No man of his age ever received more unbounded applause than Alexander; and most rulers are willing to appropriate all the improper adulation which their subjects or constituents are disposed to give; but the Emperor of all the Russias would not, like Herod, be eaten of worms. We take delight in closing this brief notice of a man who occupies no obscure position in the religious world, by transcribing his 4 Address to the Legislative Synod at Moscow,
“Dated from Moscow, Oct. 27, 1817. “During my late travels through the Provinces, I was obliged, to my no small regret, to listen to speeches pronounced by certain of the Clergy in different parts, which contained unbecoming praises of me---praises which can only
be ascribed unto God. And as I am convinced in the depth of my heart of the Christian truth, that every blessing floweth unto us through our Lord and Saviour Jesus Christ alone, and that every man, be he whom he may, without Christ, is full only of evil, therefore to ascribe unto me the glory of deeds, in which the hand of God hath been so evidenils manifested before the whole world, is to give unto men that glory which belongeth unto Almighty God alone.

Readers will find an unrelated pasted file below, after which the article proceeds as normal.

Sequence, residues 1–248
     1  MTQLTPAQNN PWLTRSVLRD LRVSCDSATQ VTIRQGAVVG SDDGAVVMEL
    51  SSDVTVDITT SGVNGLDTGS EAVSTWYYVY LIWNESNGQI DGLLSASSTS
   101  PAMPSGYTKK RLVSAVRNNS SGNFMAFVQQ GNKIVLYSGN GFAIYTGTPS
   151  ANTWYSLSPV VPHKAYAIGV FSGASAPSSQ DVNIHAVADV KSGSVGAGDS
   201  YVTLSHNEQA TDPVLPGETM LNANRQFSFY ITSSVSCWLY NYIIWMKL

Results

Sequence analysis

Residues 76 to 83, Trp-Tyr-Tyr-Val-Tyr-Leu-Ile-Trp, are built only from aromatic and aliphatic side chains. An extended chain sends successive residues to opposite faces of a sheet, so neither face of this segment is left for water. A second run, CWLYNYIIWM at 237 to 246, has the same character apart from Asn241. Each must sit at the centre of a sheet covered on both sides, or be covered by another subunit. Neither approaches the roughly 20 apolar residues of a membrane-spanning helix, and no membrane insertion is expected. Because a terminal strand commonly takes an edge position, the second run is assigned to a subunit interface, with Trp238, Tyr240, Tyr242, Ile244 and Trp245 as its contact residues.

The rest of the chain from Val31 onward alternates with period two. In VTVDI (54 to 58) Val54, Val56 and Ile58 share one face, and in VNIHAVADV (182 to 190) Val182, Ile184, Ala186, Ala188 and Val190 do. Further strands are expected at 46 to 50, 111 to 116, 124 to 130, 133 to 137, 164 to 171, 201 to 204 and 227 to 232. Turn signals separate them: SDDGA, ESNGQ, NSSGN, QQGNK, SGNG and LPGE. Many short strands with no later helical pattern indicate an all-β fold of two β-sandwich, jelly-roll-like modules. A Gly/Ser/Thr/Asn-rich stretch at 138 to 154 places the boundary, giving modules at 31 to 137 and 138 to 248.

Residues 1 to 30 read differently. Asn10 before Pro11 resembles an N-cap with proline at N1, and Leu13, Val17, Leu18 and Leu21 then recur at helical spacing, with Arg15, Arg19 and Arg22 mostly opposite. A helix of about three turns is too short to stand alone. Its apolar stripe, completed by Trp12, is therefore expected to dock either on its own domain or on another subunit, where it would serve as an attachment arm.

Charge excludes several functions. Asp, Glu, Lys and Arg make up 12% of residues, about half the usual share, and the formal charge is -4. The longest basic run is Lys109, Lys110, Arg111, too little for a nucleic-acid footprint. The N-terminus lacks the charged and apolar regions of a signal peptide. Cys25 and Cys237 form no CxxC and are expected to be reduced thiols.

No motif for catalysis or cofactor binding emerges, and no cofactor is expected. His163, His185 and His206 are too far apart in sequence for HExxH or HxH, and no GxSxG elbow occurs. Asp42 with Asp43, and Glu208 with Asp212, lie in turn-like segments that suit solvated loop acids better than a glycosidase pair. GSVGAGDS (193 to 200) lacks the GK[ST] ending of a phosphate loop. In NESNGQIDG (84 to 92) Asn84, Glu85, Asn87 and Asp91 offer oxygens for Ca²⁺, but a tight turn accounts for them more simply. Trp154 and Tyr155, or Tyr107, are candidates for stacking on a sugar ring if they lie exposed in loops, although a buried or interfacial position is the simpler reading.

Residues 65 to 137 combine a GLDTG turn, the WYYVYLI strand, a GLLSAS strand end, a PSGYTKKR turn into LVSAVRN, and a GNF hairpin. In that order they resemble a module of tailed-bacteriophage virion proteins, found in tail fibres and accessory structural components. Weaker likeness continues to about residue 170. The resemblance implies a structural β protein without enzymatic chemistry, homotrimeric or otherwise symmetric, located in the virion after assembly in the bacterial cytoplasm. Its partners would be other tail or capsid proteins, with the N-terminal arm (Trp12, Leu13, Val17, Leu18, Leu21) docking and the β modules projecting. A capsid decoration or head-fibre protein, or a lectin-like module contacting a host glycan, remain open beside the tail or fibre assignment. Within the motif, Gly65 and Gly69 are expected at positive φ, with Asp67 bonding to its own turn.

“I account it my duty, therefore, to forbid, all such unbecoming expressions of praise, and recommend to the Holy Synod to give instructions to all the Diocesan Bishops, that they themselves, and the Clergy under them, inay, on similar occasions, in future, refrain from all such expressions of praise, so disagreeable to my ears; and that they may render unto the Lord of Hosts alone, thanksgivings for the blessings bestowed upon us, and pray for the out-pouring of his Grace upon all of us: conforming themselves in this matter to the words of Sacred Writ, which requires us to render to the King Eternal, Immortal, Invisible, the only wise God, honour and glory for ever and ever.